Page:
Watching this again, it’s clear the cinematic magic of Linklater’s vision remains untarnished (his fluid camera movements, the incredible timing of the acting and writing), yet for me the ambition and resonance the story initially produced has slightly dimmed. Maybe it’s the ease with which Hawke and Delpy fall back into an old familiar connection that disturbs me on a level I’d never realized before. The idea that people move on after grave disappointment, often fruitlessly hoping fate will save them from a life of emotional suffering, puts a darker spin on the seemingly whimsical material.
That Linklater makes the process so seamless (the meeting at the bookstore, the casual ramblings through the streets of Paris, the final beautiful Delpy guitar solo), shows the wonderful hopefulness the film desires but also the effortlessness form cinema can take. It’s as if, after nine years of dreadful existences with partners you hardly know or care for, one stop in Paris can still remedy a broken heart. While a fantastic example of Linklater’s devotion to the rhythms of character interaction (maybe only better on display in his Dazed and Confused), Before Sunset now feels extremely melancholy, specifically toward how much time the characters have wasted pining for each other over the years without any result. Once again, the Cinema saves the day.
The great irony of Dazed and Confused, a film celebrating the vibrancy and unpredictability of youth, is that it only gets better as I grow older. I can’t count the number of times I’ve seen this masterpiece, but I do know with each viewing I’ve brought more of my own life experience to this story of growing up fast and in turn, gleaned more from Linklater’s vision. This time around, the director’s groupings of heroes and villains stands out, represented on the welcoming side by Jason London and Michelle Burke, and on the evil team, both Ben Affleck and Parker Posey. The heroes of Dazed and Confused are shepherds, gatekeepers dealing with their own changing identities, but also looking after the young freshman coming into their own with a little guidance from their experienced elders. Those that do not care about the future, the arrogant flunkey O’Bannion, played with ease and disturbing resonance by Affleck and his female equivalent played by Posey, wish to harm the youthful exuberance of Wiley Wiggins and Christin Hinojosa, probably because they were hurt themselves at that age. It’s an astounding dynamic between age groups – those that wish to pass on knowledge in a positive light (even if that knowledge is morally ambiguous), and those that wish to destroy expectations, futures, and hopes of finding friendships in an alien place called high school. Dazed and Confused uses this story structure, aided by one of the great soundtracks of all time, to realize a beautiful, life-changing night for many young adults (and some older ones, McConaughey). For me, it’s one of the 10 Best American Films of the 1990’s, because it speaks so clearly and fluidly to me as a growing, learning adult, deceiving pre-conceived notions and altering the way I remember my own memories. Richard Linklater has always been one of my idols, and I never could quite figure out why. I realize now, his films evolve as I evolve, and that’s the best compliment I could ever bestow upon a filmmaker.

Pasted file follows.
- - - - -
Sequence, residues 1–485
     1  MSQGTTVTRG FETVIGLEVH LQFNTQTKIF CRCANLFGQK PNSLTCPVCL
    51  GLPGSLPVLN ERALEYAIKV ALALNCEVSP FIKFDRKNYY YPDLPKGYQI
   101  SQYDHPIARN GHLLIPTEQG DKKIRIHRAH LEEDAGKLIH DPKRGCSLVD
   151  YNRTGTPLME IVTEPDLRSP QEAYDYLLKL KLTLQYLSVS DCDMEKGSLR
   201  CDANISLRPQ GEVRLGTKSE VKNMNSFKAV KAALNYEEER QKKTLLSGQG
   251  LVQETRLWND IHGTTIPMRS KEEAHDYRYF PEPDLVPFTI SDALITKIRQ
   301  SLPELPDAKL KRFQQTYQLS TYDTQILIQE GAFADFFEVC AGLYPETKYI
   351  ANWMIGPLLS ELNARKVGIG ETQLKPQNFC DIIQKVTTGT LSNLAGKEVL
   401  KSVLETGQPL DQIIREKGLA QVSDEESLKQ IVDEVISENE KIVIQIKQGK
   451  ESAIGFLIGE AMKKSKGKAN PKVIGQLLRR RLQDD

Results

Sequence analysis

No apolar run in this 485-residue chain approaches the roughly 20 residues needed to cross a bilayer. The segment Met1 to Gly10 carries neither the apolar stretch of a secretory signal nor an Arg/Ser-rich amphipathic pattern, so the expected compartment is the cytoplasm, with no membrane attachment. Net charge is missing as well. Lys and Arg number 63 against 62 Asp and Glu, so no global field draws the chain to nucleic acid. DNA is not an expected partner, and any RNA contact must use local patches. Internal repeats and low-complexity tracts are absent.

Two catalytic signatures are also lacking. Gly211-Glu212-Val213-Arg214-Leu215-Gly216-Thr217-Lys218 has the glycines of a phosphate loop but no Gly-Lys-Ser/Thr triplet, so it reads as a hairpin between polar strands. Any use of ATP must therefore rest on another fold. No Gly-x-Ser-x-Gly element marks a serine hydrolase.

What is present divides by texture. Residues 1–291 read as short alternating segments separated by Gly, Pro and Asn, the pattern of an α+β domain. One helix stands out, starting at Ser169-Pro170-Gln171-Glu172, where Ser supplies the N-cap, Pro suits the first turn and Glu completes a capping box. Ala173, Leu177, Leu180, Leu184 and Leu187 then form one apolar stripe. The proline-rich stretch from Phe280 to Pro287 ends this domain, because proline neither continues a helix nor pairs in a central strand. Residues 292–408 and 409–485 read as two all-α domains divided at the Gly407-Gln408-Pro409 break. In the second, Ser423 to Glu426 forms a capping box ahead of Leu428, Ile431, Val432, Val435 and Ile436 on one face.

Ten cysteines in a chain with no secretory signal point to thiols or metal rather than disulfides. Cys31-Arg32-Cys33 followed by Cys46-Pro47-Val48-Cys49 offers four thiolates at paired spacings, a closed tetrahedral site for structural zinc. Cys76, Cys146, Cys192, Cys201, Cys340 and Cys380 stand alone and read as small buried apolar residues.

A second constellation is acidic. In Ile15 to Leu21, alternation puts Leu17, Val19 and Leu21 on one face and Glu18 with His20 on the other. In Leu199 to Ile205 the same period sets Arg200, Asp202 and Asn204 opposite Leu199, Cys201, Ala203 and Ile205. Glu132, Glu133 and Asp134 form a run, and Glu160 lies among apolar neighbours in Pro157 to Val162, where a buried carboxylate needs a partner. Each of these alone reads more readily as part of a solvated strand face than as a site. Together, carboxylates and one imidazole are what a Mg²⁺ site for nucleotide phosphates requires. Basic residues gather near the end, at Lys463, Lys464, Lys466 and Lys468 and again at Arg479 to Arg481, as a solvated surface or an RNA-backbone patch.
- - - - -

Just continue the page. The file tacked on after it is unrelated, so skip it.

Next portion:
Richard Linklater’s Fast Food Nation captures the corporate soullessness of American institutions unlike any other recent film. Using the fabricated fast food chain Mickey’s as a model, the film’s scope is sweeping, covering a number of groups including illegal aliens from Mexico who work in the meat packing plant, a company executive (played by Greg Kinnear), teenage employees of the restaurants, and student activists at the local university trying to bring light to the issues at hand. All are entrenched in the cycle of modern corporate America, even though some don’t realize it until late in the film, and it’s a costly naiveté. Fast Food Nation is unconventional for American mainstream cinema in that it’s completely and overtly political, a direct attempt to reveal the atrocities and inhumane activities being committed by these large, machine style companies. The bottom line is all that matters (as seen in the great scene with Bruce Willis’ crooked negotiator and another involving Kirs Kristofferson’s wise rancher) and Fast Food Nation assembles a multitude of different valid critiques on this system, the most impressive being the final horrifying sequence of the cows being slaughtered on the “kill floor” of the processing plant. Linklater fuses this scene with a deliberately toned down score (most of the movie has non-diagetic music overflowing the image), following Catalina Sandino Moreno’s immigrant worker Sylvia toward her new job from hell. Linklater means business, but waits till the end to really lay on the money shots of filth, blood, guts, and skin. This strategy is extremely effective because it surpasses and disgusts the viewer at the same time. He’s weaned us on character interactions with very little visceral touch. That all changes with his montage of cow slaughter, and this transition saves the film from being too flat. The final act of Linklater’s film is filled with these moments, rectifying the sometimes monotonous interactions seen earlier. It’s not his finest moment (and Linklater has many), but Fast Food Nation is a daring and risky expose of the stinking, rotting smell of Western greed, and the impotency regular citizens feel when faced with such faceless opposition. Fast Food Nation gets to the heart of this complex relationship between buyer and seller, never forgetting to make time for the liver, the spleen, and the gut wrenching punch to the stomach American’s desperately need to wake up and smell the shit.